Wired remotes are often available that can be surface mounted or flush mounted with a very streamlined look. Most are completely waterproof so they can be installed in a wet area. You might think a wireless remote would be better, but consider that wired remotes never get lost. Mounting a wired remote in an area that swimmers or skiers can easily reach may be more practical than a wireless remote.
  • Auxilliary Inputs for iPOD, MP3 Player, DVD, Satellite Radio, etc. With auxilliary inputs you can play an external device through your marine stereo by patching the audio signal into the head unit through special jacks (usually RCA jacks). Aux inputs do NOT give you the ability to control song selection, play, pause, or other detailed control over the external device from the marine stereo itself. The only control you will have is volume. Everything else must be controlled from the external device. In most cases the Aux input jacks are on the back of the stereo chassis because putting them in the front presents an opportunity for water to get into the unit. However, you can purchase an audio cable adapter with a plug that can be mounted within easy reach to plug in your external device. The cable runs from the back of the stereo to wherever you mount the plug.
  • iPod Control If you want full control of your iPod from your marine stereo, such as song selection, play, pause, song/artist display, etc. this feature has become available on some models. A special cable or adapter is required, but an additional benefit is that the iPod will recharge while it is connected to your marine stereo.
  • Ability to Play MP3 files from CDs Almost all stereos will play CDRs (Recordable CDs), but not all can play MP3s. MP3s are compressed digital music files. The quality of MP3 music is not any better than normal CD audio, but since the data is compressed, you can fit a lot more songs on one CD. One CD filled with MP3s could play for many hours compared to a maximum of just over an hour for a normal CD. Naturally, you would only get benefit out of this feature if you have the ability to burn your own MP3 CDs or have someone else do it for you.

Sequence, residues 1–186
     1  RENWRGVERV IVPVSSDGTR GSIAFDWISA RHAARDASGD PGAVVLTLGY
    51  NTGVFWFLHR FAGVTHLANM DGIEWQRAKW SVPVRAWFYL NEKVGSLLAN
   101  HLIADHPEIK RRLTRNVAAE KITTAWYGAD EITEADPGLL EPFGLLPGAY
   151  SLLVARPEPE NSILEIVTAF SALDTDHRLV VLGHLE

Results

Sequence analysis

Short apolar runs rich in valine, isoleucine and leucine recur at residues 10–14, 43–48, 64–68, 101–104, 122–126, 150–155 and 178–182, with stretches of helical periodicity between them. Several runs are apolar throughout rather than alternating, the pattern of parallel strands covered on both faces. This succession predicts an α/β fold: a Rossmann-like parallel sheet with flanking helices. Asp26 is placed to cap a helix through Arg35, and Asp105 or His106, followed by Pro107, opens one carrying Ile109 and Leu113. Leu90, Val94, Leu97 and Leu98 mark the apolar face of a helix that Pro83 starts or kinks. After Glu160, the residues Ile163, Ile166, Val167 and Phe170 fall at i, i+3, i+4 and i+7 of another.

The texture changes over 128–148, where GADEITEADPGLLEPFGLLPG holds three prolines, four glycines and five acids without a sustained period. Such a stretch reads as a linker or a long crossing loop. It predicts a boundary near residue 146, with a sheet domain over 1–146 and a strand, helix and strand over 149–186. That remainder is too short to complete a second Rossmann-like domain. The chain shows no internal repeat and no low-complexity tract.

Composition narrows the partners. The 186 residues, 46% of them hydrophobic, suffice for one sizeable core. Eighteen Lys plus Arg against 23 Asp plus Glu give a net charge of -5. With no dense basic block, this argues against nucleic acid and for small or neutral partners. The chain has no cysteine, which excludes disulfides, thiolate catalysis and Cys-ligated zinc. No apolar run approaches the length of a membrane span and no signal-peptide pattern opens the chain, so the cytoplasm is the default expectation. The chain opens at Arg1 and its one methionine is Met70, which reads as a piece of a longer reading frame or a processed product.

• CD Changer Control The ability to control a CD Changer is another feature of some marine stereos. Keep in mind that the head unit can only control a CD Changer of the same brand that was made for it.
  • Satellite Radio Satellite radio is obtained from one of two competing services, Sirius or XM - Radio. There is a monthly subscription fee to use these services. Some marine stereos have built in satellite radio control capability (satellite ready), but you generally have to buy a separate satellite receiver and antenna. A satellite ready unit will offer full control over the satellite receiver.

    You can also add satellite radio to a non-satellite ready stereo, but the satellite receiver will have to be controlled by a unit separate from your stereo. This is not only an inconvenience, but the separate controller will probably not be waterproof so you will need to be careful with it in a wet environment. There are two ways to attach a separate satellite receiver to a non-satellite ready stereo. For the best quality sound you should use auxilliary inputs. If your stereo does not have auxilliary inputs you can use a satellite reciever with FM modulation. With FM modulation the satellite signal is broadcast right through your FM stereo (like "Mr. Microphone" only better quality) so that you don't need auxillary inputs and you don't have to pull out your stereo to attach any wires behind it.